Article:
Stoops was better against the top tier, but Tressel was a little better against the second. Otherwise, everything is basically the same down to getting blown out in the national title game with their Heisman-winning quarterbacks.

It gets even spookier when you line up the year-by-year records of each from best to worst:

Records by Year
Stoops Tressel
13-0 14-0
12-1 12-1
12-2 11-2
12-2 11-2
11-2 10-2
8-4 8-4
7-5 7-5

It can’t get any closer than that, can it? Have a look at the year-by-year records for Oklahoma and Ohio State if you want to reconcile the differences in number of games for each season, though most have to do with Oklahoma playing in the Big 12 title game.

This second section was mainly for fun, since there’s not a lot that can be gleaned from it. It’s a remarkable coincidence that these two coaches in different conferences in different time periods with fairly different philosophies can do almost the exact same thing over such a long period of time.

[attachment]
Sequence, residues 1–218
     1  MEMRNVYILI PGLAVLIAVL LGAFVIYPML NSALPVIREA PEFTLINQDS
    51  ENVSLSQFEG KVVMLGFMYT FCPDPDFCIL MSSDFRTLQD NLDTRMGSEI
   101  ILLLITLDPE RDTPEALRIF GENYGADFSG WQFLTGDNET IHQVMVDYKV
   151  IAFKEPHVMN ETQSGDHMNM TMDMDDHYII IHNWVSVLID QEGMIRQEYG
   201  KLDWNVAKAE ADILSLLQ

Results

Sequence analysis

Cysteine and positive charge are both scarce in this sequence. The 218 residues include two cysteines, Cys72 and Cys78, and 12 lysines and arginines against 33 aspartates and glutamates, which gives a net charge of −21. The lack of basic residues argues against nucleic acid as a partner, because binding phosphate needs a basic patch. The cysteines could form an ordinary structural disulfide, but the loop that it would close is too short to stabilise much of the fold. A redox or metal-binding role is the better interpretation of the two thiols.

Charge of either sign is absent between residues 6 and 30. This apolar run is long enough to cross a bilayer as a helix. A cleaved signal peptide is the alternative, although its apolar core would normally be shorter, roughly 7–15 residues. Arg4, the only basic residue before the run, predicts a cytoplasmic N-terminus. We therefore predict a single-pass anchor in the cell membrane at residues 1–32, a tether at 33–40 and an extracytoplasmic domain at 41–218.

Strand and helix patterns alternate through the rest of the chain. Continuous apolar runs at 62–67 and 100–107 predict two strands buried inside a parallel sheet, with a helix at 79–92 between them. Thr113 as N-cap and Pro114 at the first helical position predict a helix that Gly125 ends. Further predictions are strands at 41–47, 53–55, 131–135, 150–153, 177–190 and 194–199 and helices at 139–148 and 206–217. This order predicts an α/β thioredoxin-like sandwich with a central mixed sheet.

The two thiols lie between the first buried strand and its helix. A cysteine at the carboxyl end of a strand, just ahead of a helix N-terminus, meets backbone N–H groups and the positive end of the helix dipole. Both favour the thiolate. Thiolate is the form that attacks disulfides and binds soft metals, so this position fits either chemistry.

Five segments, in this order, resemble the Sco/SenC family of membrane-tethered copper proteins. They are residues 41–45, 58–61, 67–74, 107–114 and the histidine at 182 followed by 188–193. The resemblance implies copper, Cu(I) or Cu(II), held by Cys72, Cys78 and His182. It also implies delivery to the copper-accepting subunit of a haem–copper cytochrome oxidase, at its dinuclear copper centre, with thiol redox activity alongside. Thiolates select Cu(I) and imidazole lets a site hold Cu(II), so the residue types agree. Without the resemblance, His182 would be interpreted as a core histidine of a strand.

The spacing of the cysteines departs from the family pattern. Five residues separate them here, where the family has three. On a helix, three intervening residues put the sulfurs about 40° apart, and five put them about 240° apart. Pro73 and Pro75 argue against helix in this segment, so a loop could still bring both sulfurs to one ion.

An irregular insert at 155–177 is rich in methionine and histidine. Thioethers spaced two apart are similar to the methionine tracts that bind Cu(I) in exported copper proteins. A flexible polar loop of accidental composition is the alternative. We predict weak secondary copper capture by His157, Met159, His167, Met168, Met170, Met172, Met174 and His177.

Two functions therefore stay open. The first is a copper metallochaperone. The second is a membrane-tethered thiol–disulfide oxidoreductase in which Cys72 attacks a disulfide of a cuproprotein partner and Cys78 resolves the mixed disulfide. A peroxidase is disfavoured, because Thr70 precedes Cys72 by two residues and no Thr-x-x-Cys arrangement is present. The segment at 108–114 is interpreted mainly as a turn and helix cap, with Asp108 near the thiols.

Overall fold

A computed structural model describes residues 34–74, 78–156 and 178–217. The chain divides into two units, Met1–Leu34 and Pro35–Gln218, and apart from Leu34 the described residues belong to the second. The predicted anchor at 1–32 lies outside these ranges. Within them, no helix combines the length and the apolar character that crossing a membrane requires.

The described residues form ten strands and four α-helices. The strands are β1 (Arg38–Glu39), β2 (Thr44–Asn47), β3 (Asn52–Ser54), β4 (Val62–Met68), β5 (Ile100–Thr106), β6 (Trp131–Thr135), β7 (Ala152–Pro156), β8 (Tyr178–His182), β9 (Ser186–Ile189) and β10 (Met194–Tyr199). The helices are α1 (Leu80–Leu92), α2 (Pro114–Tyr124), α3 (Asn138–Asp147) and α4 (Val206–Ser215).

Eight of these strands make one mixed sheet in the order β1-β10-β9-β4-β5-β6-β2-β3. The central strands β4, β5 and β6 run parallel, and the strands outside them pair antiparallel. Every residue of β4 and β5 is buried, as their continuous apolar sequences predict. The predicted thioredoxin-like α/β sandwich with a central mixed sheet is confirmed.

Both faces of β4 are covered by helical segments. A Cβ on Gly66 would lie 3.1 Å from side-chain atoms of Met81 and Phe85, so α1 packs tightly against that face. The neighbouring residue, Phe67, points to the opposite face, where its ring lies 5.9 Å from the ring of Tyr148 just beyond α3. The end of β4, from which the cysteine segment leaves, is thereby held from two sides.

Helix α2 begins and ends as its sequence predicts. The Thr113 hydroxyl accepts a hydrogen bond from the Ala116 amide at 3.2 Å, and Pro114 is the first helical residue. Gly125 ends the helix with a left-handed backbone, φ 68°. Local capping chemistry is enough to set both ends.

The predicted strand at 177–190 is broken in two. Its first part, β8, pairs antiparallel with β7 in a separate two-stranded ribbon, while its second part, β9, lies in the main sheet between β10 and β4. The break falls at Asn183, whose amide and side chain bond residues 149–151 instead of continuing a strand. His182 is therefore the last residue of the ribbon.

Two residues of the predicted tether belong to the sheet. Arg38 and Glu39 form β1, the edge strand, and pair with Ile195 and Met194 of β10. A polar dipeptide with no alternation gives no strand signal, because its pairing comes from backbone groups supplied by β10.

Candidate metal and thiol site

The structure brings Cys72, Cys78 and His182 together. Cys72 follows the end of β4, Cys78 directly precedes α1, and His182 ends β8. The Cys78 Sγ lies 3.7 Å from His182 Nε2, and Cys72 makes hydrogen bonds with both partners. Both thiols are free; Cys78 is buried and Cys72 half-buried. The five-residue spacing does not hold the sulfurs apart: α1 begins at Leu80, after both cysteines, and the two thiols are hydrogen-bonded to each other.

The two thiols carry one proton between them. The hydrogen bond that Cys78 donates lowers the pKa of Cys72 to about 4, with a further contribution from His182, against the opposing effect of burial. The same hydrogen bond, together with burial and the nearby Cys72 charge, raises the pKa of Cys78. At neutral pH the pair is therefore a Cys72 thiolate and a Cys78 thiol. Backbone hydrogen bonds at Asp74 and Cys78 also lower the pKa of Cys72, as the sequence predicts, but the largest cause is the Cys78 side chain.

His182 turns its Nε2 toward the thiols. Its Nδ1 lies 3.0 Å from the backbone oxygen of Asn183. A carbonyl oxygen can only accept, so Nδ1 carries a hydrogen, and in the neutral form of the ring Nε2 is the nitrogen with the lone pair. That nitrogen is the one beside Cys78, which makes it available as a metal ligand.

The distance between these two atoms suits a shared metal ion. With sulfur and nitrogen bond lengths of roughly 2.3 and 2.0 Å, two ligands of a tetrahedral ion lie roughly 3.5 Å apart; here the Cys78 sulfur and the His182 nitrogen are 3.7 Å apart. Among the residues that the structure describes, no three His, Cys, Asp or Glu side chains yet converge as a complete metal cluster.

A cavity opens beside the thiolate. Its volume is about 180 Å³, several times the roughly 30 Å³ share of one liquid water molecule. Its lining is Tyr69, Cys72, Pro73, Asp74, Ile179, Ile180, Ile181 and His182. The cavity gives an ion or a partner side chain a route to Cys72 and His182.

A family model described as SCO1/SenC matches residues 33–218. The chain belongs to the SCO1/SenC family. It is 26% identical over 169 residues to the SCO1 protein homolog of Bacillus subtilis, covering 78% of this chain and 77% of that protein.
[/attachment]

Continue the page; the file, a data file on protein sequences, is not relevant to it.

It just goes to show that football success takes all types, and that even high levels of success can be matched elsewhere. Will Tressel go into as big a bowl tailspin as Stoops did? It’s just one of the many interesting subplots that will make the 2008 college football season great.


Six Potential Trap Games in 2008

June 2, 2008

Trap games. They happen when a good team finds itself in way more of a competitive game than should be expected against a lesser opponent. They come before, after, or between big games, when a superior team thinks it could rest easy. During them, the most common refrain for these teams’ fans is, “This can’t be happening…”

Everyone hates them, because you usually can’t see them coming until you’re in them. After going through the schedules of the six BCS conferences, I now give you a potential trap game for each league. If you see your team here, beware.